Eric Trump: Republican Party Is Now the Trump Party

Eric Trump has said that the GOP is the party of his father, following Representative Liz Cheney's resounding primary defeat in Wyoming.

Analyzing the aftermath of Cheney's defeat to Harriet Hageman, Eric Trump touted the influence that his father had on the GOP.

Hageman benefited from the former president's backing, which followed Cheney's condemnation of Donald Trump and her role in investigating the riot at the U.S. Capitol on January 6, 2021.

Following the result in which Hageman took at least 66.3 percent of the vote, to Cheney's 28.9 percent, the former president's second eldest son was asked on conservative channel Newsmax whether the Republican Party was now the "party of Trump."

Eric Trump
Eric Trump at the LIV Golf Invitational - Bedminster at Trump National Golf Club Bedminster on July 30, 2022 in Bedminster, New Jersey.

"There's no question. I mean, it's not even the Republican Party. I'd say it's actually the Trump party," he said on Wednesday.

He praised his father's endorsement rate which he said was "incredible." According to Ballotpedia, ex-President Trump has had a 92 percent success rate in 2022—or 183-17—in endorsing primary candidates. This was lower than the figure Eric Trump gave Newsmax of "176 to six."

"Most of the time, endorsements are worth absolutely nothing. No one cares about endorsements," Eric Trump said, describing how his father had brought in Latino and Black voters.

"My father has literally brought in a whole new party from the RINO [Republican in name only] class of the Republican Party," he said.

"He literally brought in a whole new party that stands for something totally different than the wider class of the Republican Party ever stood for," he said. "My father's really redefined what the party is, how the party speaks to its constituents and I think it's exactly why you have this overwhelming support in all of the people he's endorsed."

Some experts agreed that the former president has influence in the GOP as he purges it of dissenters like Cheney and others who have defied him, ahead of the midterm elections in November.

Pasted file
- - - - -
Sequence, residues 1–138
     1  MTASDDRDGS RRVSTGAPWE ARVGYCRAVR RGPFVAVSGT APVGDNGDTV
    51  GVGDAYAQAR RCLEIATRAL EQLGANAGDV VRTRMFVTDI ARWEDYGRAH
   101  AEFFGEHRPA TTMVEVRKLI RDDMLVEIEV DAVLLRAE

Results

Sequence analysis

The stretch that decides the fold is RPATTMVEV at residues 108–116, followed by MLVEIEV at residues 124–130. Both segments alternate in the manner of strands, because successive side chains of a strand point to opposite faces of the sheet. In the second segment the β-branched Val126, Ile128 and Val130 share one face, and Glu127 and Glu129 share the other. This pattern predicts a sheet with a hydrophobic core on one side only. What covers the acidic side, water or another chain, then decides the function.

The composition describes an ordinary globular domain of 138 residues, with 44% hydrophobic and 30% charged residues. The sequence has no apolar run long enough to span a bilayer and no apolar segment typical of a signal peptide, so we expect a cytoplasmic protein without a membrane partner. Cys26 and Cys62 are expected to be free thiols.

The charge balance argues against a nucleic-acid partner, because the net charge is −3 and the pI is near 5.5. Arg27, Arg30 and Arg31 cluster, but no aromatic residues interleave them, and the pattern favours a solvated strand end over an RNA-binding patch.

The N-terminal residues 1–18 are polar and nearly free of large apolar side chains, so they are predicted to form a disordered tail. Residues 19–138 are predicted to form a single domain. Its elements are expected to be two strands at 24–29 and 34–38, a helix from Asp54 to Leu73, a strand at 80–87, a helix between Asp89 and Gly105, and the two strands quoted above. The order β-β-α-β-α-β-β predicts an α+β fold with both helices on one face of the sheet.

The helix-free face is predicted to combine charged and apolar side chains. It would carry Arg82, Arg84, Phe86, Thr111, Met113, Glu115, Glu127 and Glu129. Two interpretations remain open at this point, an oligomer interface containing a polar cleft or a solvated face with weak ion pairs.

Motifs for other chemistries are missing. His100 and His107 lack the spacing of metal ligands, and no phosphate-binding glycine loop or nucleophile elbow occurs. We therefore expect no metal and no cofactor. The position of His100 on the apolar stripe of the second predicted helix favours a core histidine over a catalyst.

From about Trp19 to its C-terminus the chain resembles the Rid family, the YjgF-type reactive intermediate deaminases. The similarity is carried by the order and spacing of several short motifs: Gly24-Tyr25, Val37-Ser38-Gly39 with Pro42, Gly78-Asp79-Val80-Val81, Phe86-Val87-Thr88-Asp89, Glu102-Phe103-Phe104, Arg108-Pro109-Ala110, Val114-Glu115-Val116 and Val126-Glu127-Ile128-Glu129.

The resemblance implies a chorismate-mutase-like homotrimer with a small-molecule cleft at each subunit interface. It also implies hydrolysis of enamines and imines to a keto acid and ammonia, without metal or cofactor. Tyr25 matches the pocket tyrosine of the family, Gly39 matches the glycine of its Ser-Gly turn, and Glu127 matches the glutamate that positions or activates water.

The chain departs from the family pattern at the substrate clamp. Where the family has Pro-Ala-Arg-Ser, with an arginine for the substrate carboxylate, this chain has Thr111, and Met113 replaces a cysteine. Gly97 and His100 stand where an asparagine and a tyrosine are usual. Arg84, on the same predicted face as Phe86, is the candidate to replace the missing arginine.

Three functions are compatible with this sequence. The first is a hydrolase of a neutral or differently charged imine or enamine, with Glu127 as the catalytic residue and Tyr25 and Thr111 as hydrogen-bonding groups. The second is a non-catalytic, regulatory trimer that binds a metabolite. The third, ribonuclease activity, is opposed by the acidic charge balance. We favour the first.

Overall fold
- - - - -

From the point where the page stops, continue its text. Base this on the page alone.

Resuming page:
"There's no doubt that the GOP remains thoroughly Trumpified, and supporting Trump and at least giving lip service to the 'Big Lie' have become litmus tests for Republicans making serious bids for state and local office," said founding director of University College London's Centre on U.S. Politics, Thomas Gift.

"If there's one lesson from Cheney's lopsided defeat, it's how difficult it is to run as a Republican who doesn't embrace the former president with the level of toadying fealty he expects," he told Newsweek.

"Even candidates who don't win Trump's coveted endorsement continue to throw everything but the kitchen sink at voters in an effort to prove they're in Trump's good graces," he said. "That proves how much sway Trump continues to exert over the party."

Of the 10 House Republicans including Cheney who voted to impeach Trump for inciting the Jan. 6, 2021 insurrection, only two remain candidates for re-election. The others have bowed out or have lost to Trump-backed challengers.

"It's just a party of Donald Trump's fever dreams," Mark Salter, a former Republican aide to the late Sen. John McCain told the Associated Press. "It's just Donald Trump's club."

The anti-Trump political action committee (PAC), Lincoln Project, said that Cheney's defeat marked "the end of the Republican Party."

"What remains shares the name and branding of the traditional GOP, but is in fact an authoritarian nationalist cult dedicated only to Donald Trump."

Columnist and author Brian J. Karem tweeted: "There is no GOP any more. Just Trump and those modeled after him, many of whom are ready to fight for control of the party once Trump leaves."

Newsweek has contacted the Republican Party for comment.